Mok makes a mark again
(China Daily) This year marks 25 years for Hong Kong singer-actress Karen Mok Man-wai in the entertainment industry. And though many of the pop stars from that period have withdrawn from the limelight and have become history, Mok still remains active, expanding her career and building a resume that many would envy.
She has collaborated with A-list actors and directors, including Jackie Chan, Wong Kar-wai and Keanu Reeves, and won many accolades including best female singer at Taiwan’s Golden Melody Awards, which is considered the Grammy Awards in Mandarin music.
Meanwhile, Mok is celebrating her silver jubilee in the entertainment industry in the way she knows – by releasing a new album.
“I belong to the stage, and I could not think of a better way to mark the special year,” she says, adding that she will tour globally from June till 2019 to mark the anniversary.
Separately, on May 31, Mok gave a 90-minute live show in Beijing, in which she performed five of her hits, including Love, Cloudy Day and Baby, and five songs from her latest album, Halftime. More than 3 million viewers watched the show via three online streaming platforms under the Tencent Music Entertainment Group.
For the 10 new songs in Halftime, Mok worked with over 20 songwriters and music producers, whom she has collaborated with in her previous albums.
“The process of making the album brought back lots of great memories for me and those musicians. And I believe the past 25 years have shaped me into the person I am today.
“Music is a big part of my life and those musicians I worked with have influenced me a lot,” says Mok.
The first musician that came to her mind as she was preparing the new album was Taiwan singer-songwriter and music producer Jonathan Lee Chung-shan, who has been working with Mok since 1996.
Lee wrote a song, titled Fly, for Mok’s new album. And Lee’s student, singer-songwriter Li Jianqing, also played the violin and guitar for the song.
Speaking about Lee, she says: “He has witnessed my growth from a newcomer to a mature singer,” adding that her album, Karen Mok On The Twelfth Floor, in 2001, won Lee the best music producer award at the 12th Taiwan Golden Melody Awards.
“The songs he wrote, especially the lyrics, not only touched me but also the listeners.”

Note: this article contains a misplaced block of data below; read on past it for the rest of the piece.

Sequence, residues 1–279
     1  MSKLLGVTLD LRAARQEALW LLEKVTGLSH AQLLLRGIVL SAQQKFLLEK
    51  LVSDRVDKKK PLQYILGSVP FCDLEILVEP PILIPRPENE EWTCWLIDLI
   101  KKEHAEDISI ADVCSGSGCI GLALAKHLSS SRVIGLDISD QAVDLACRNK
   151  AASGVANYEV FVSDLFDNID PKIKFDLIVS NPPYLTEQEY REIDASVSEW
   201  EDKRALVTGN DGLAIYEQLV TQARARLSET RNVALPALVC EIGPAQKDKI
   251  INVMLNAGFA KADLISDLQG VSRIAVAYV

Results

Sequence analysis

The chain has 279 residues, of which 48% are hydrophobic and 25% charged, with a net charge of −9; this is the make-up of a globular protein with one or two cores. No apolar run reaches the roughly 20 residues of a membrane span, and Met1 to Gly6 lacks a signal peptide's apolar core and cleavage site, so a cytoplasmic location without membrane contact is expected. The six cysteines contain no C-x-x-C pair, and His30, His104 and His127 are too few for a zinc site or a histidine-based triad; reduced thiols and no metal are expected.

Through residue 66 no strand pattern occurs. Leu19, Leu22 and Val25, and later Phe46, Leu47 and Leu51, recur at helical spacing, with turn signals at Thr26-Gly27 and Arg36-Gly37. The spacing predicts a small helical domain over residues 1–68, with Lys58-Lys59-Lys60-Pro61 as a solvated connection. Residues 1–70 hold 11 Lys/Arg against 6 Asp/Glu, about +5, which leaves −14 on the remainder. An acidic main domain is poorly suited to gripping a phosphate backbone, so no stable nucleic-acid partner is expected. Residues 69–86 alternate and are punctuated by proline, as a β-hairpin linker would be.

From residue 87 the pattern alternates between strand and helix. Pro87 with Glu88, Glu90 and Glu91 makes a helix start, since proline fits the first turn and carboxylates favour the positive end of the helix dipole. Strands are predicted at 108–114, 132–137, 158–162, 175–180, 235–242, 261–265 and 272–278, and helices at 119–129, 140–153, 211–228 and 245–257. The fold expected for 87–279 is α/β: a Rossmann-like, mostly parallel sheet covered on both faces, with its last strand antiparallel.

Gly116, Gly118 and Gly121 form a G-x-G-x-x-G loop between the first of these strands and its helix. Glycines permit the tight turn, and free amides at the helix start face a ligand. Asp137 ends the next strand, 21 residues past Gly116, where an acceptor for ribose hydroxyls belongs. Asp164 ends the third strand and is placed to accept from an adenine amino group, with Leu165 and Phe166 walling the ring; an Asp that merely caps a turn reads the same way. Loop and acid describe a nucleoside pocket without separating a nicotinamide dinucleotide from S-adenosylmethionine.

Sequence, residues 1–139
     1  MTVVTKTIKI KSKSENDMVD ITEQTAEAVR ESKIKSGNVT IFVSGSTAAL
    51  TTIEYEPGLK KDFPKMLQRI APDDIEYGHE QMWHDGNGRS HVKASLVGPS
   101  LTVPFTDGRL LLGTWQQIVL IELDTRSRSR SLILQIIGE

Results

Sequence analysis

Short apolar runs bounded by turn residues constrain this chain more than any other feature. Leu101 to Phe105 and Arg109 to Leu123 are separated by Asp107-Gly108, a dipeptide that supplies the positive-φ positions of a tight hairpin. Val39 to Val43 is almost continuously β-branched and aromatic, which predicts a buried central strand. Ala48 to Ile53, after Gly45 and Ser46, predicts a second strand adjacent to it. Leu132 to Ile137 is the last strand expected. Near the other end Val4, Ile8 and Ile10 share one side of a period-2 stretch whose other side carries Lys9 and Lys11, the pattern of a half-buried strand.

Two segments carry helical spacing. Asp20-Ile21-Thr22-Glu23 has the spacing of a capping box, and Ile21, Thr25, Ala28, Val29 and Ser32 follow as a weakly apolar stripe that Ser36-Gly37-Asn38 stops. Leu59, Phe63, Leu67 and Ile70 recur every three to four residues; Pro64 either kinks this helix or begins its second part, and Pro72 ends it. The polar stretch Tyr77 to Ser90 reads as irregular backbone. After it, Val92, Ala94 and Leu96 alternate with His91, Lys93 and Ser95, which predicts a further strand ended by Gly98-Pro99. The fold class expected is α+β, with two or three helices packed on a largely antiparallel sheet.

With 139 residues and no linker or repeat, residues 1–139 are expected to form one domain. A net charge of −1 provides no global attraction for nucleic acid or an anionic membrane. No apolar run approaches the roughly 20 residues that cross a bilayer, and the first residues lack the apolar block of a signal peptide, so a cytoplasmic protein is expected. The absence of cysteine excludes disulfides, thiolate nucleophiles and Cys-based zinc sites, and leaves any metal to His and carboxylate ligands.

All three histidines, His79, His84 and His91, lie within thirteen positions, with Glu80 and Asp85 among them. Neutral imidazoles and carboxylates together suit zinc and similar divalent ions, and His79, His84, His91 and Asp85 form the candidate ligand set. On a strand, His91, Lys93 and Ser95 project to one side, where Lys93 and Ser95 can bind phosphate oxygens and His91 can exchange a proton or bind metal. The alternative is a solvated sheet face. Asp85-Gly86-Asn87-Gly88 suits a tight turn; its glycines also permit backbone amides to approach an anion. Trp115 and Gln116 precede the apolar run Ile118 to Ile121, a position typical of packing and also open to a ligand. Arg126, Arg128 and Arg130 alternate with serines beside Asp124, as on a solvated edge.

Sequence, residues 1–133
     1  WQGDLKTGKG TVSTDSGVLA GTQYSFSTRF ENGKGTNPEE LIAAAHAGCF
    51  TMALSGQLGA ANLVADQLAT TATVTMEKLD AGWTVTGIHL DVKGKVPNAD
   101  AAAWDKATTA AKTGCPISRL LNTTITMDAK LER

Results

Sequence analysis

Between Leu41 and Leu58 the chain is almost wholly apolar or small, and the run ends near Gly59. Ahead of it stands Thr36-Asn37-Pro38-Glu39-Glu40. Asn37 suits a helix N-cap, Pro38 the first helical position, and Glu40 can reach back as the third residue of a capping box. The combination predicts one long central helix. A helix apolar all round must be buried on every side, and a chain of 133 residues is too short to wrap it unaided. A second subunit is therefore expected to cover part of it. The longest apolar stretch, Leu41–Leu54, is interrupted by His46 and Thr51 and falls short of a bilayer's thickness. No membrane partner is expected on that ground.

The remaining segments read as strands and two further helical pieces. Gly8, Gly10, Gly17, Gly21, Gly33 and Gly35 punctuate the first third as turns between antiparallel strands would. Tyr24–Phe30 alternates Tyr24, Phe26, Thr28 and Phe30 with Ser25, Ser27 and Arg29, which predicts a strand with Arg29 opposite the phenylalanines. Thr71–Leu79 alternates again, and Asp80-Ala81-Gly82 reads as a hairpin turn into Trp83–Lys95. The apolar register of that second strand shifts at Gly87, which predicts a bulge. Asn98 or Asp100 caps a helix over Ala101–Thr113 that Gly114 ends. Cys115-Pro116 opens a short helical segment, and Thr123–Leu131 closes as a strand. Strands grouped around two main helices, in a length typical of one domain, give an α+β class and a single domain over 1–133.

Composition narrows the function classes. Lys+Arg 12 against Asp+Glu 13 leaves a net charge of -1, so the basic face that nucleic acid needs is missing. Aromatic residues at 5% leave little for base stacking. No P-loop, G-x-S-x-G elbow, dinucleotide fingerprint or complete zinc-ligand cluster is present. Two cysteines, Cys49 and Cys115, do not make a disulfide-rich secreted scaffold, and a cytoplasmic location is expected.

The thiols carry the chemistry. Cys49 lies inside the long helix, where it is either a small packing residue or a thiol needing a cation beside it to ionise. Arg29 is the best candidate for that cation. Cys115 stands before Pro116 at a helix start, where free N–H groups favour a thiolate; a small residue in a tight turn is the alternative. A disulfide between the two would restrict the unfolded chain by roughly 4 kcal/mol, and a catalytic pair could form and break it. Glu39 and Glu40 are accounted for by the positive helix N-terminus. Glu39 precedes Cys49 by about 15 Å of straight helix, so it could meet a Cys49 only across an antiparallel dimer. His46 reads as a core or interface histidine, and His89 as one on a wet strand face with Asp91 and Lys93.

Lee rarely writes songs these days and focuses more on his guitar-making.
So when the invitation came, he decided to choose a classic piece he wrote before for Mok to perform. The result is the rearrangement of the song, Fly, which had lyrics by San Mao, a Taiwan writer popular in the 1980s.
The song was performed by Taiwan singer Michelle Pan Yueh-yun and released in 1985.
As for other songs in Mok’s album, she also worked with Beijing-based songwriter and music producer Zhang Yadong on a song, titled Half in Heaven, Half on Earth.
In 2009, she worked with Zhang in her album, Hui Wei, in which she covered a collection of Chinese old hits. Then, in 2010, they continued working on Mok’s album Baby, which was nominated for six awards at the 22th Taiwan Golden Melody Awards where she picked up the best female singer award.
When she received the award, Mok announced that she planned to get married. And, in 2011, she married her German husband, Johannes Natterer, who Mok first met when the two were students of Italian literature in Florence, Italy in 1987.
The new album also sees contributions from some young musicians, such as Zhang Yixing and Li Ronghao.
Speaking about her collaborators on the new album, Mok says: “For me, the fun part of making music is to work with different people. They inspire me and broaden my vision.”
Mok, who was born in Hong Kong, and is of Chinese, Welsh, German and Persian descent, says she wanted to be a performer as a child. And, so far, the singer-actress has starred in more than 50 movies and released over 20 albums.
However, her road to stardom has not been an easy one. And when she released her debut Canto-pop album, titled Karen, in 1993, she didn’t become an instant hit as music lovers did not immediately take to her husky voice and unconventional looks.
But this didn’t stop Mok from experimenting and creating her own unique style, such as shaving her head. And she also incorporated traditional Chinese instruments such as guzheng (a traditional Chinese zither-like instrument) into her albums.
She had learned to play the musical instrument as a teenager and continued lessons until she left Hong Kong at 17 to study in Italy and London.
In her English and Mandarin jazz album, Somewhere I Belong, in 2013, she showed off her guzheng skills by reworking Eric Clapton’s famous guitar solo in the Beatles’ classic While My Guitar Gently Weeps.
Source: China Daily
Mok makes a mark again